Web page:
North Carolina’s economy continues to expand at a relatively rapid pace. Over the last year, for example, our gross domestic product grew by 2.6 percent after inflation, compared to 1.6 percent for the nation and 2 percent for the Southeast.
One consequence of healthy economic growth is healthy revenue growth for the state. Through February, General Fund revenue is up 4.9 percent over last year and currently exceeds projections by $438 million. The final revenue surplus for the current fiscal year is likely to be larger than that. And projected revenue growth for the next fiscal years is solid.
Republican leaders in the legislature believe they will have room in the state budget next year for sizable pay raises for teachers and other public employees, spending boosts in other critical areas, and tax relief. Gov. Roy Cooper agrees with this general observation, although the budget plan he submitted was heavy on the spending and light (some $70 million worth) on the tax cuts.
While lawmakers haven’t yet released their budget plan, both the Senate and House have made public their plans on taxes. As usual, the Senate’s plan is more ambitious. It would reduce state taxes by roughly $1 billion over the next two years, with a policy mix that includes rate cuts in both personal and corporate income, increases in the standard deduction, changes in the franchise tax and the conversion of the child tax credit into a (somewhat larger) child tax deduction.
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The overall effect of the Senate plan would be to reduce taxes for the vast majority of North Carolina households – income taxes paid would drop by an average of 5.1 percent – but those with low to moderate incomes would receive larger cuts, percentage-wise, than affluent households would.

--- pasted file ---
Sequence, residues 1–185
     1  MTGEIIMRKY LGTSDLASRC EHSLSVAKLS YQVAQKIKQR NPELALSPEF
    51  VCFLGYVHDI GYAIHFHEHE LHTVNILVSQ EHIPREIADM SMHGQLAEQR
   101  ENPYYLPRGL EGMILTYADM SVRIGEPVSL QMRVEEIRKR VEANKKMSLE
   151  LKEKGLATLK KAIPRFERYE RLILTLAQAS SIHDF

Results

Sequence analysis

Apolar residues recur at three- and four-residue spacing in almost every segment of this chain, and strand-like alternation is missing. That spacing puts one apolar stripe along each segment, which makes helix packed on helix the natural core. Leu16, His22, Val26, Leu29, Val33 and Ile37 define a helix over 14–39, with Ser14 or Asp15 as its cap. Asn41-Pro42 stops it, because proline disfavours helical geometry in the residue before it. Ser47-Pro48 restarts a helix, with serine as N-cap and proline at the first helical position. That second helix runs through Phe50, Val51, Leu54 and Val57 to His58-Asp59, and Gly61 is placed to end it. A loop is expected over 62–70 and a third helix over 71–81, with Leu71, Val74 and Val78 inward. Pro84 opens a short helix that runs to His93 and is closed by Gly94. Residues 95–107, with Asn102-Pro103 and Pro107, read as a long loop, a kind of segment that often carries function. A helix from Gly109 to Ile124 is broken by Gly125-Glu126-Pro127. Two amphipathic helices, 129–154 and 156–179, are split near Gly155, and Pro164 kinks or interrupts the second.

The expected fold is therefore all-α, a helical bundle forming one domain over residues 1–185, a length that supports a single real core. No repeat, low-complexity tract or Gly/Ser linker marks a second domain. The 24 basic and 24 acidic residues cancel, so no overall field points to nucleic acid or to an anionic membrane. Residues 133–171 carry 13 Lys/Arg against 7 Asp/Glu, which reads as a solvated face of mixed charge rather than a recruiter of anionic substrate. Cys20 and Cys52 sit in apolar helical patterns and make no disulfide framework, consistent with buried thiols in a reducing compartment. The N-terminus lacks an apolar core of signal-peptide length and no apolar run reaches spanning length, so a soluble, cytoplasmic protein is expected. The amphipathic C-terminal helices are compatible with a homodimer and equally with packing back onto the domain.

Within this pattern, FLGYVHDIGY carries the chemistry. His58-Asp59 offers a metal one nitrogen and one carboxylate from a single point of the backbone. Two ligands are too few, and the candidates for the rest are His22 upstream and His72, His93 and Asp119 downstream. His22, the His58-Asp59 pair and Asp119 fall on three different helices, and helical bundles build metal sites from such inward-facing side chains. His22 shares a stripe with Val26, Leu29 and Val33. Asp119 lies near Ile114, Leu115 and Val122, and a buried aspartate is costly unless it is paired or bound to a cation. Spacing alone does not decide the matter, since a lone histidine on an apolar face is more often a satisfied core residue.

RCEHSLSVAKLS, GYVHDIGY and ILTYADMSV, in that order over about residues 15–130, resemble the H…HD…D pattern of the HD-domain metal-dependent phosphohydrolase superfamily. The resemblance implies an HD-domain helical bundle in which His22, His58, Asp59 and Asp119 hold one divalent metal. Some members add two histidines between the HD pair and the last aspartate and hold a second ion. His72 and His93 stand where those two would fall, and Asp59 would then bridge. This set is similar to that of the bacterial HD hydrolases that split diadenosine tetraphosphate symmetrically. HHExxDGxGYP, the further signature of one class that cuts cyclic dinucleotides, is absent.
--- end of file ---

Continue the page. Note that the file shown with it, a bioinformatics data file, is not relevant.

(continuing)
The House’s tax plan is about half the size in fiscal impact and structured somewhat differently. For example, it would get rid of the sales tax on mill machinery. It does reform the franchise tax and increase the standard deduction on the personal income tax, albeit not as much as the Senate plan does.
If history is any guide, the two chambers will meet somewhere in the middle on these tax proposals. As they do so, they should prioritize those elements that do the most to make North Carolina’s tax system more competitive and coherent. For example, a retail sales tax should never have been applied to a business input such as mill machinery. That definitely needs to go.
Dropping the corporate tax rate from 3 percent to 2.5 percent by 2019 should also be a priority. It has never made sense to tax income when it is received by corporations and then again when that income is passed along to shareholders in the form of dividends or capital gains. In the past, governors and lawmakers tried to offset North Carolina’s corporate and franchise taxes for select businesses by handing out special incentives. That was unfair, inefficient and potentially corrupting. Cutting those rates across the board is the right approach.
Reshaping the state’s tax system has been one of the greatest accomplishments of the past six years. It has also been one of the most furiously contested by progressives, who rightly view a lower tax burden as a check on the size and scope of government (at the state level, at least, where the constitution requires a balanced budget).
As the House and Senate negotiate their way to a final budget for the 2017-19 biennium, however, they should keep in mind that that they have other important accomplishments to preserve and build on. Lawmakers must continue to put significant money into state savings accounts, both to hedge against a fiscal or natural disaster in the short run and to fund benefit promises to retirees in the long run. They must also continue to advance their education-reform initiatives.
Lawmakers should have enough fiscal space to accommodate these needs, while also continuing to improve North Carolina’s business climate through tax reduction and reform.
John Hood is chairman of the John Locke Foundation and appears on the talk show “NC SPIN.” You can follow him @JohnHoodNC
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